Friday, 24 June 2016

Forgotten Book - A Graveyard to Let

A Graveyard to Let, my Forgotten Book for today, is a novel by Carter Dickson (aka John Dickson Carr) first published in 1949, and featuring Sir Henry Merrivale. Unusually, it's set in the author's native USA, with that extrovert Englishman Sir Henry causing chaos from the moment he arrives in New York. There are several comic scenes, and although I don't find Carr's humour as irresistible as his scenarios, there's certainly an excellent puzzle to solve.

Sir Henry is invited to visit the home of wealthy Frederick Manning to witness a miracle, and a miracle is exactly what appears to take place. Manning has three children, and he's caused consternation by becoming involved with a woman whom they believe to be some kind of floosy. There are also some reasons to believe that Manning's financial position may not be as healthy as it once was. Has he been milking corporate funds? The authorities are on his trail...

With this lead-up, Manning dives - fully clothed - into his swimming pool. But he doesn't come out again. His clothes are found, but there is no sign of him. What on earth has happened? It's a highly intriguing "impossible crime" scenario, one that has been widely admired. Nobody has ever done this sort of thing quite as well as Carr, and certainly not with such consistency.

That said, I felt that the book was flawed in some ways. For me, the solution did not live up to the brilliance of the basic premise, and the characterisation struck me as some way short of Carr at his best, with motivations that I struggled to believe in. I continue, on the whole, to prefer the Gideon Fell books to the Merrivales, but even so, the concept of a man disappearing completely after diving into a pool is memorable enough for this book to be worth a read. Below-par Carr is still, in most cases, pretty good.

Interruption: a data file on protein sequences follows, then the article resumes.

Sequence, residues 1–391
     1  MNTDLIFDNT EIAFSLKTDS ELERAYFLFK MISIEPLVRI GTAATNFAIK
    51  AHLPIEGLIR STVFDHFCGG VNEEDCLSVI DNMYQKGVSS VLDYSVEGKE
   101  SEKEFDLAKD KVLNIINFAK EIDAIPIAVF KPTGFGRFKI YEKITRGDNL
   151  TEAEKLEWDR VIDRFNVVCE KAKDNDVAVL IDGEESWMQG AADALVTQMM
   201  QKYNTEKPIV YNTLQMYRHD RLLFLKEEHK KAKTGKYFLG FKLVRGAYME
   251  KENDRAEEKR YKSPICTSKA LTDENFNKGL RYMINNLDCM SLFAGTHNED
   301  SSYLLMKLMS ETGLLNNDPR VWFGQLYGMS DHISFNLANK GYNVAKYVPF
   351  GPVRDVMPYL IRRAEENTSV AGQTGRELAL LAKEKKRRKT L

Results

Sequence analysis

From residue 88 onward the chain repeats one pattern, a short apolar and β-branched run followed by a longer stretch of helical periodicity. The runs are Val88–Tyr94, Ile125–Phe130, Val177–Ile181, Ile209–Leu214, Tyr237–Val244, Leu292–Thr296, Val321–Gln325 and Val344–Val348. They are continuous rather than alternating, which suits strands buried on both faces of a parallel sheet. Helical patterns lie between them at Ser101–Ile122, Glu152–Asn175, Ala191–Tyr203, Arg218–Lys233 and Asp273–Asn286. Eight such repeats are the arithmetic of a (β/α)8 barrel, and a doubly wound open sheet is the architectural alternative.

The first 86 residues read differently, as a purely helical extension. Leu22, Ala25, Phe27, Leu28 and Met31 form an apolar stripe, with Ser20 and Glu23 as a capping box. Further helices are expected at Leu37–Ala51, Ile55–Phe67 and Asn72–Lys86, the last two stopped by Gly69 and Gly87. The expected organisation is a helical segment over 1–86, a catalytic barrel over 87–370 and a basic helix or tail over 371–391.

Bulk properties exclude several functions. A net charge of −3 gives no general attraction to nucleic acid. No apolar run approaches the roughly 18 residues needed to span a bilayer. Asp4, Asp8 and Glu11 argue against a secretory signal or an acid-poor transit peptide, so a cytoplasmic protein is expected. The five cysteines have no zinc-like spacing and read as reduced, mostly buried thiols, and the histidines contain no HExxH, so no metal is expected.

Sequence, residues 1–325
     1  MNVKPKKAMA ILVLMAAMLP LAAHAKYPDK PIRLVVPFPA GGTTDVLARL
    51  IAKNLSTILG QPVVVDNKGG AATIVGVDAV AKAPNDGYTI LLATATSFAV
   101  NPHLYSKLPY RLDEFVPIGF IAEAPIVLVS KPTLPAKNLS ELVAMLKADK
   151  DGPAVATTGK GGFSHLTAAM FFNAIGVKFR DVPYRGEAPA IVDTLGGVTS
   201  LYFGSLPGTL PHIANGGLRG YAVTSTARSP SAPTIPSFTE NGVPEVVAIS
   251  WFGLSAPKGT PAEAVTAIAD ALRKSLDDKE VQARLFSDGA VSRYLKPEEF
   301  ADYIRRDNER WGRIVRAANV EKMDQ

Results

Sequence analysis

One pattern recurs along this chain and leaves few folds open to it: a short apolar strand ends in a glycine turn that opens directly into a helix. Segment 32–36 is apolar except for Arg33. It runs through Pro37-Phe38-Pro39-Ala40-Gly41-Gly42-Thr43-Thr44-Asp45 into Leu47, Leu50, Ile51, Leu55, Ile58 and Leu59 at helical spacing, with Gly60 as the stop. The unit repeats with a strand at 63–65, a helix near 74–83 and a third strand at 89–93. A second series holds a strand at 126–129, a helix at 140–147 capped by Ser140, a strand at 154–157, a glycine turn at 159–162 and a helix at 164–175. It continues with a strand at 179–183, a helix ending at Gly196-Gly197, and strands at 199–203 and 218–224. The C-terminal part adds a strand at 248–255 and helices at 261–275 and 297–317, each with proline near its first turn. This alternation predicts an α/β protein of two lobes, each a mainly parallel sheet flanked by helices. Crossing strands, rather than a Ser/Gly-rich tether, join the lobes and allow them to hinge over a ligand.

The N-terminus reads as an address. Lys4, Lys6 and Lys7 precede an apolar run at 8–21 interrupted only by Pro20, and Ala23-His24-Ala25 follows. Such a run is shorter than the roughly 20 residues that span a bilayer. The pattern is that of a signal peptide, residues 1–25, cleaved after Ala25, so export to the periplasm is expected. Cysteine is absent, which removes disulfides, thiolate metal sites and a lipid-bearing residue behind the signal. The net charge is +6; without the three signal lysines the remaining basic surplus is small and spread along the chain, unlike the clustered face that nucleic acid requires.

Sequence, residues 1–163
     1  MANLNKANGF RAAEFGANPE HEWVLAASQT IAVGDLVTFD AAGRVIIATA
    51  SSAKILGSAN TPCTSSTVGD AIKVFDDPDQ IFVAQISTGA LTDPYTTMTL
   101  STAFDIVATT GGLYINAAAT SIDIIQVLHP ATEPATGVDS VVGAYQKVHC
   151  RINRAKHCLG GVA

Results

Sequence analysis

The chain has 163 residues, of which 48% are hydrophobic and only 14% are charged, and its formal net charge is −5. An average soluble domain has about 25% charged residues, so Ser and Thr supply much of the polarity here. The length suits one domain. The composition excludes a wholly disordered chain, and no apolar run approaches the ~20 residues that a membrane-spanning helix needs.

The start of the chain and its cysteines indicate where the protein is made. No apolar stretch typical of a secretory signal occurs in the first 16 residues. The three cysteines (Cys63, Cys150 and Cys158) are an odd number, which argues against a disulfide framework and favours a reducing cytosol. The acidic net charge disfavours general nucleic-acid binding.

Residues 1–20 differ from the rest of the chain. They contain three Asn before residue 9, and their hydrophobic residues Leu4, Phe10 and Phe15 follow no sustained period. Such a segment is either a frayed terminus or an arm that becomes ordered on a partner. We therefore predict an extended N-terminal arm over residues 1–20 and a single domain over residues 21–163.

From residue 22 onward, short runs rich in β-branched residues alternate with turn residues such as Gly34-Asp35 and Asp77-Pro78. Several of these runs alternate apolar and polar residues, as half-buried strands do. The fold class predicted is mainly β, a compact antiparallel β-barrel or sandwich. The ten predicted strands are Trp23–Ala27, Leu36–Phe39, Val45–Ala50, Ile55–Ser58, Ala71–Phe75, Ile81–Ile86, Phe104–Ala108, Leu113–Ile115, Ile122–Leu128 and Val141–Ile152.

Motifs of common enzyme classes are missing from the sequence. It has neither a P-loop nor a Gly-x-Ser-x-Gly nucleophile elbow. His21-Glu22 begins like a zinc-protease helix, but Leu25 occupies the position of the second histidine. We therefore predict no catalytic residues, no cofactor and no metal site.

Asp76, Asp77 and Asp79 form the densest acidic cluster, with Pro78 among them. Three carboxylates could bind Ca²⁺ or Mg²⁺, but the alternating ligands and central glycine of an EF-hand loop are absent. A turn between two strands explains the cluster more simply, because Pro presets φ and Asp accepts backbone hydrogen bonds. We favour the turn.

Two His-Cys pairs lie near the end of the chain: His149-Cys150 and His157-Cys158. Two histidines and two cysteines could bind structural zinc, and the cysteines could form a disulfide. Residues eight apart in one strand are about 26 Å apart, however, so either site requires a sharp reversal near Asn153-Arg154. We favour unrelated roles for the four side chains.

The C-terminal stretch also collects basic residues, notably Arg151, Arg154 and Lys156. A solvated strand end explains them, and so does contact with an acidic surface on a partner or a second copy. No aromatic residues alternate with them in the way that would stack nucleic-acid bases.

Forgotten Book - Murder Intended

Murder Intended, one of five police novels written by Francis Beeding, first appeared in 1932. It sank from sight fairly rapidly, and I know that John Cooper, who wrote an excellent article about Beeding's police quintet for CADS four years ago, doesn't rate it as highly as the other four. But I found it very readable, and also innovative. Beeding strays far from the conventional, and this may disconcert some readers, but I found the story refreshingly different, and it has stuck in my mind.

It all begins in very orthodox fashion, though. The Delft clan come together for an annual gathering prescribed by the will of the late Jasper Delft. Members of the family are dependent on the goodwill of Jasper's widow, Agatha, and woe betide them if they don't turn up. Almost inevitably, the conversation turns to what would happen if Aunt Agatha were no longer around. What about murdering her?

Seasoned readers of Golden Age detective fiction will settle down in anticipation of a mystery where Aunt Agatha comes to a sticky end, and the finger of suspicion points at one after another of her impoverished relatives. But they will quickly be surprised. When a murder does take place, it is of a very unexpected kind.

I won't say too much about the plot, although a key development is revealed at an early stage (this was the aspect of the book that John didn't care for.). I see the book as an experiment with a form of inverted mystery - although we know whodunit, the fascination lies in seeing whether the culprit will be apprehended before further mischief is done. Beeding builds the suspense nicely in the second half of the book, and in some ways the Beeding novels strike me as forerunners of the work of Michael Gilbert, another smooth writer who never liked to repeat himself. I'm only sorry that, due to their fondness for writing thrillers, they didn't produce more detective stories.

Forgotten Book - The Link

The Link is an Anthony Gethryn novel dating from 1930, and written by Philip Macdonald. I've mentioned my enthusiasm for Macdonald several times on this blog, but this book is one I first read in my twenties, and found disappointing. I decided to give it another go, to see whether my earlier judgment had been too harsh.